Any favourite scenes?

Oh boy! This is one of my favourite scenes I’ve ever done. I’m playing Hitler (no relation, of course!). I’m upset because Germany is not seen as the most evil country in the world. My partner asked, “What was the most evil country in the world?” What could really be more evil than Nazi Germany? I pondered a moment. For whatever reason I picked…Canada.

My partner burst out laughing. “Canada?! What could Canada have done to be worse then us?!” he asked and to be honest I didn’t know the answer.

“You don’t know?” I replied, hoping to think of an answer.

“No, I don’t,” he replied.

I was racking my brain on what to say then I had it. “Have you ever heard of residential schools?” I said and the class lost it. I had worked my way out of a corner in a realistic way. It was thrilling to write myself into a corner and get out of it on the spot. Only improv could give me that.

How has improv made a difference in your life?

I think the biggest impact improv has had on my life is that it gave me a community of great friends in Toronto. The move to Toronto was a bit scary and lonesome. When I got into the Second City Conservatory, it brought a lot of great people into my life. I owe so much to that class. It’s where I met the members of my sketch troupe, Live Dudes (check out their YouTube channel!). Who knows where I’d be without those guys? I definitely wouldn’t have a cow costume in my closet.

Can you tell me about a time you’ve messed up on stage and just rolled with it?

I had a piece of my jaw taken out to correct my under-bite. Sometimes in scenes I won’t be able to pronounce because my jaw just can’t move fast enough. I’ve learned to embrace that, make it a part of my character and maintain it throughout a scene. It’s always great overcoming something like that.

Where can we see you on stage?

You can see me at Zero Hour Improv every first Wednesday of the month. Our next show is July 4 at Comedy Bar. It’s going to be a loaded show and my dad is coming out from Winnipeg. He’s a fan. You can get tickets here!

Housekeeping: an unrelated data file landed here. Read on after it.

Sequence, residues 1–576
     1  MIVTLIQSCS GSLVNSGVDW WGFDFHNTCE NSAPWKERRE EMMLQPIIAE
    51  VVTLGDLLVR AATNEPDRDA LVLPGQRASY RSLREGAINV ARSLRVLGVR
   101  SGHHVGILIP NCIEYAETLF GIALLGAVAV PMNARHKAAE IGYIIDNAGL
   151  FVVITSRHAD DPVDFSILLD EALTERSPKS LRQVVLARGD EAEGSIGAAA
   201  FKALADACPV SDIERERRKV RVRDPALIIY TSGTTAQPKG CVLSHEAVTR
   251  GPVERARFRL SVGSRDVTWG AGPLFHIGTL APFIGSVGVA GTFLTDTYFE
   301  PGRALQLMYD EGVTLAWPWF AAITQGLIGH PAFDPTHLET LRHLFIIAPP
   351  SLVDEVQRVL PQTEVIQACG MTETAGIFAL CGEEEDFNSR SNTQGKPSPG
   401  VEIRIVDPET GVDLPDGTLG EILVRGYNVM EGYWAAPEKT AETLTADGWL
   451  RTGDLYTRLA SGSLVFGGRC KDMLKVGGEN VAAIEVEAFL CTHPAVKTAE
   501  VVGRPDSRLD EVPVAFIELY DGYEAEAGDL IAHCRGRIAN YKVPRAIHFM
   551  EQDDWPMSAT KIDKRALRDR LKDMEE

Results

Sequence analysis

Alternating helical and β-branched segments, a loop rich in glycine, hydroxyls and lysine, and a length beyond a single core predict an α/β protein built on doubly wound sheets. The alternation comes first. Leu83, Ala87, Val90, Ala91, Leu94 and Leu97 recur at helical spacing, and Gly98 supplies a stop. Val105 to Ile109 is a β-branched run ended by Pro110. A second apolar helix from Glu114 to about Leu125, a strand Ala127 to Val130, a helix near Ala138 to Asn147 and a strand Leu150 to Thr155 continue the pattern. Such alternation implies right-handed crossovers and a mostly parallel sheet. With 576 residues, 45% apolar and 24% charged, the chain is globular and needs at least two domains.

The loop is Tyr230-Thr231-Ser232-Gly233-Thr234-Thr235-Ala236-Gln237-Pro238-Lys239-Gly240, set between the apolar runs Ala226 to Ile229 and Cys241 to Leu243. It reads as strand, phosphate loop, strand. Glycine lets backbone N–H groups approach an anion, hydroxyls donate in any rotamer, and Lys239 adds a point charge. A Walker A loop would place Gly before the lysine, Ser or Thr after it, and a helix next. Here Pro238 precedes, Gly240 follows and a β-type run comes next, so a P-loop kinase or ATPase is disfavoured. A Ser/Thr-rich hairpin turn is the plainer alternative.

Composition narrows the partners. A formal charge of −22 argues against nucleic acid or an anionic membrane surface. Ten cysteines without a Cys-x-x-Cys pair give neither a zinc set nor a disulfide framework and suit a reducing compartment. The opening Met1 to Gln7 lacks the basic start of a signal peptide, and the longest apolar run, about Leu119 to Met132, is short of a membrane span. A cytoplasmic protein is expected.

Awesome! Thank you, Tyler, and happy two-year anniversary to Zero Hour Improv!

Improv is for anyone

30167295_10210110921643200_4747901798983685307_o
Shreya Patel (left) started improvising in January of 2017. She says pursuing improv has changed her life.

As Shreya Patel says, improv is for anyone. And she’s right. Before boarding the improv train last year, I never did any kind of performing. Hell, I never even imagined myself getting on stage. But getting into improv has been one of the best things I have ever done. Then again, I don’t do much.

Anyways, let’s meet Shreya, a model-turned-actress-improviser-and-filmmaker living in Toronto. She recently directed a documentary called Girl Up, aimed at raising awareness of domestic violence, human trafficking and social injustice. In addition to acting and improvising, she is also a mental health advocate and can be seen in this year’s Bell Let’s Talk campaign.

Disclaimer: Shreya is a friend of mine. We did classes together at Second City and we’re members of the same troupe, Coffee Breath. But she’s cool. Really cool. Here’s what she had to say.

How did you get into improv?

I was dealing with anxiety due to the negative environment at my workplace and I really needed a laugh which is when I decided to sign up for improv classes at Second City. It was something I always wanted to try and the time was right. I knew that taking my first improv class would keep me on my feet and help me be present in the moment which was hard to do at the time.

What has the journey been like for you?

The journey has been incredible. The teachers. The community. The people. When I first started my improv classes, I didn’t realize how addicted I would get to it or how far I would come. I am so grateful every day to the day I decided to do improv and signed up.

What would you say is your biggest accomplishment as an improviser?